FIG. 1 depicts an embodiment of a kit for a light control system.

FIG. 2 depicts a schematic of an embodiment of a taillight system in a motor vehicle.

FIG. 3 depicts a wiring schematic of an embodiment of a taillight system.

FIG. 4 depicts an embodiment of a normal waveform and a modulated waveform of a voltage signal.

While the invention is susceptible to various modifications and alternative forms, specific embodiments thereof are shown by way of example in the drawings and may herein be described in detail. The drawings may not be to scale. It should be understood, however, that the drawings and detailed description thereto are not intended to limit the invention to the particular form disclosed, but on the contrary, the intention is to cover all modifications, equivalents, and alternatives falling within the spirit and scope of the present invention as defined by the appended claims.

DETAILED DESCRIPTION

FIG. 1 depicts an embodiment of a kit for a light control system. In certain embodiments, kit 100 includes flasher module 102, left taillight module 104A, and right taillight module 104B. Flasher module 102 may replace an existing flasher module in a motor vehicle (i.e., an automobile, a truck, or a motorcycle). In certain embodiments, flasher module 102 may be designed to easily replace an existing flasher module. Flasher module 102 may be coupled to existing wiring in a motor vehicle (e.g., existing wiring used between a flasher module and the taillights in a motor vehicle). In some embodiments, flasher module 102 may have to be grounded to a motor vehicle (e.g., grounded to the chassis of the motor vehicle).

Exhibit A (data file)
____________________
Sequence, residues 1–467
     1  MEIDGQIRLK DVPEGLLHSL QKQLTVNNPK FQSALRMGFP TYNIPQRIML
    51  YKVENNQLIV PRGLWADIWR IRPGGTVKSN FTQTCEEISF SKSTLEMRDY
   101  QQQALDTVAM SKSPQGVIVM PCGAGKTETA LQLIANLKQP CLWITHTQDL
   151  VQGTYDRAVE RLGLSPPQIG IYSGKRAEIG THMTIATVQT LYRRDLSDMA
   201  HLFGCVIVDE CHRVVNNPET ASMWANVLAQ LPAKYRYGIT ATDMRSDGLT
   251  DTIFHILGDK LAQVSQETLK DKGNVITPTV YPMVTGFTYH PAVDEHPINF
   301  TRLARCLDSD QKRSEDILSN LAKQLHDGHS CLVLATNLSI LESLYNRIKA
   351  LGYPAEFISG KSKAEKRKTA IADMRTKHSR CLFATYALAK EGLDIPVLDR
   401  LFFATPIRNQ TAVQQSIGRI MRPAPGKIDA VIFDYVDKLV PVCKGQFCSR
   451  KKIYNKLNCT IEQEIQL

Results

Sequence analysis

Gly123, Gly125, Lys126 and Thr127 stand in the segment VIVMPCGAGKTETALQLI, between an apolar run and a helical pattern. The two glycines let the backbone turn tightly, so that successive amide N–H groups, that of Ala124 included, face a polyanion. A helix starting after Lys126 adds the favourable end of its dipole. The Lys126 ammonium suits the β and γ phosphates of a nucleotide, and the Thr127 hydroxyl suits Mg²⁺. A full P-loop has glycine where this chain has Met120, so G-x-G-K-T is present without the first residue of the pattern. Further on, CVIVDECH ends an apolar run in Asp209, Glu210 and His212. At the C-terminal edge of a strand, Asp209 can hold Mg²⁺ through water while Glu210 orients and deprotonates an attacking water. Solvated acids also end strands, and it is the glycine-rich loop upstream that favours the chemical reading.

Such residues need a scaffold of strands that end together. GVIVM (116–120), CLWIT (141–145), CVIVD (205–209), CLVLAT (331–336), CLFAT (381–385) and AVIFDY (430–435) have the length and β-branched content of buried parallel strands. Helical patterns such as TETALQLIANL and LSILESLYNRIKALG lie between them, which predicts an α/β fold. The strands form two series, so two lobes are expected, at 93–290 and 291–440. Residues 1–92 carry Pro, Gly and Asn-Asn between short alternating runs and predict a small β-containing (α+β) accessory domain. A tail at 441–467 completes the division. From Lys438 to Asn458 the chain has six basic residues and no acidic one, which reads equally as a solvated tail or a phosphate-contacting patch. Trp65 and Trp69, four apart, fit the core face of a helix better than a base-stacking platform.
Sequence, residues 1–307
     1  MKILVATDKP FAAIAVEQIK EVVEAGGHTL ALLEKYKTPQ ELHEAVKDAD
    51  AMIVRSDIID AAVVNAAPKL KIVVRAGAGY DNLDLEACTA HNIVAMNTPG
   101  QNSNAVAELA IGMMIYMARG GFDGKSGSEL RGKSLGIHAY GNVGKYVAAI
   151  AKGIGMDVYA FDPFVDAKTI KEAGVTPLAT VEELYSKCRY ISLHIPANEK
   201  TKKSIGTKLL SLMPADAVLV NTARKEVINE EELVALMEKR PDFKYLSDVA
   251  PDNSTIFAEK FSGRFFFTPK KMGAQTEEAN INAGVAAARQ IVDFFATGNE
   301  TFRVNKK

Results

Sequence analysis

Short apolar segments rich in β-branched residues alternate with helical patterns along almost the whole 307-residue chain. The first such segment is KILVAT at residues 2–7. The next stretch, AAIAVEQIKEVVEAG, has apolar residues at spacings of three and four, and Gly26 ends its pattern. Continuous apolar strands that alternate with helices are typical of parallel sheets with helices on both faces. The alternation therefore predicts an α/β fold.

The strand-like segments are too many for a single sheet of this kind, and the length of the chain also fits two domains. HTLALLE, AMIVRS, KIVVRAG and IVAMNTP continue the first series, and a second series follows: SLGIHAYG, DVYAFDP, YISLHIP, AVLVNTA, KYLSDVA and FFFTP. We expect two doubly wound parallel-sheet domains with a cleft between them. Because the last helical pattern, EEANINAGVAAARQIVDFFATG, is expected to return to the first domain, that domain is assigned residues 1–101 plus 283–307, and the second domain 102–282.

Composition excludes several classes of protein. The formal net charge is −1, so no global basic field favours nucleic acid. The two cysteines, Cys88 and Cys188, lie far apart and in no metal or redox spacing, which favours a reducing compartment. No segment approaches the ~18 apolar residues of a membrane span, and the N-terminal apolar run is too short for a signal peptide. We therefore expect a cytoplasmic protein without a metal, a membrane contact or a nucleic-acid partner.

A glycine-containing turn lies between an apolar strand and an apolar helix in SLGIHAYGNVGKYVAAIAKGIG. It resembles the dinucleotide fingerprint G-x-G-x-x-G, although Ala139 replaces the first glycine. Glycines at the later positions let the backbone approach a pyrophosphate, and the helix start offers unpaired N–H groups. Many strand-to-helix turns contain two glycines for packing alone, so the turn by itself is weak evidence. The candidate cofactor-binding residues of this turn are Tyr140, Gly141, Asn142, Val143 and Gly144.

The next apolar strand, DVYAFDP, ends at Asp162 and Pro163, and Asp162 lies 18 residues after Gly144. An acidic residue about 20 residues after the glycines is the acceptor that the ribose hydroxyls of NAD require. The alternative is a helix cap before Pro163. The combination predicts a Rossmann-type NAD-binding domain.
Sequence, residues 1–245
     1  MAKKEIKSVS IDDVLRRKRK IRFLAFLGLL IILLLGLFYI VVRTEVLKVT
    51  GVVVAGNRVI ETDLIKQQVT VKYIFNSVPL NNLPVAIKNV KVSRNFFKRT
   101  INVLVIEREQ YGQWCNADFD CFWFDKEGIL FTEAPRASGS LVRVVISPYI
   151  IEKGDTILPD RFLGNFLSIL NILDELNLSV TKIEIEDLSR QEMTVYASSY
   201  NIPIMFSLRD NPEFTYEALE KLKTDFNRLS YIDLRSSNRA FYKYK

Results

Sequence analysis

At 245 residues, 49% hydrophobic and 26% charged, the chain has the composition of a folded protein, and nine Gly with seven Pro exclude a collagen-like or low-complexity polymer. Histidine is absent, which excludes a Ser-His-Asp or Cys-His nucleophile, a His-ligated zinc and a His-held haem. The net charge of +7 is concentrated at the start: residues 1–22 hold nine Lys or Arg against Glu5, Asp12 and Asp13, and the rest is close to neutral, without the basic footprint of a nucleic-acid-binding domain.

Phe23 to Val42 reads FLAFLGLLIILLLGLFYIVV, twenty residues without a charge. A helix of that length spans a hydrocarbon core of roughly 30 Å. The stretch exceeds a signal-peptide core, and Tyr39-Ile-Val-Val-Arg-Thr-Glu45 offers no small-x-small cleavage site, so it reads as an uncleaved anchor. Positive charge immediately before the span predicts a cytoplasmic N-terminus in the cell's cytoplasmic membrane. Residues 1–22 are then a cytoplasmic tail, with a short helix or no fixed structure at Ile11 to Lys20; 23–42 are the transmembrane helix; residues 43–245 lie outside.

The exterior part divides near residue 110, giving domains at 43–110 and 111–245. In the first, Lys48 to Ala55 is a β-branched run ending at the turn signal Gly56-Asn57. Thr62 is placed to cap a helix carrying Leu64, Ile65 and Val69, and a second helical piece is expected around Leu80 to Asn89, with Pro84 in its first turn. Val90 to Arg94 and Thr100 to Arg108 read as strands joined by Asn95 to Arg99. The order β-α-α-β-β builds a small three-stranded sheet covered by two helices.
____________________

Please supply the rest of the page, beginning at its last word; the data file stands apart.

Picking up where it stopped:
Kit 100 may include wiring 106. Wiring 106 may include a wiring assembly (e.g., an assembly including one or more wires). Wiring 106 may be coupled to flasher module 102. Wiring 106 may be used to couple flasher module 102 to existing wiring used in a motor vehicle (e.g., existing wiring used between a flasher module and the taillights in a motor vehicle). Wiring 106 may be coupled to existing wiring with any common coupler known in the art (e.g., wire clamps, push on connectors, and/or electrical tape). Wiring 106 may include one or more wires. In an embodiment, wiring 106 includes three wires. Wiring 106 with three wires may include, for example, a positive wire, a negative wire, and a neutral or ground wire. Wiring 106 may be color coded to allow a user to properly couple the wiring in a motor vehicle. For example, wiring 106 may include a blue wire, a red wire, and a black wire. In certain embodiments, wiring 106 may be permanently attached to flasher module 102 in kit 100. In some embodiments, kit 100 includes wiring 106 that may be coupled to flasher module 102 during installation.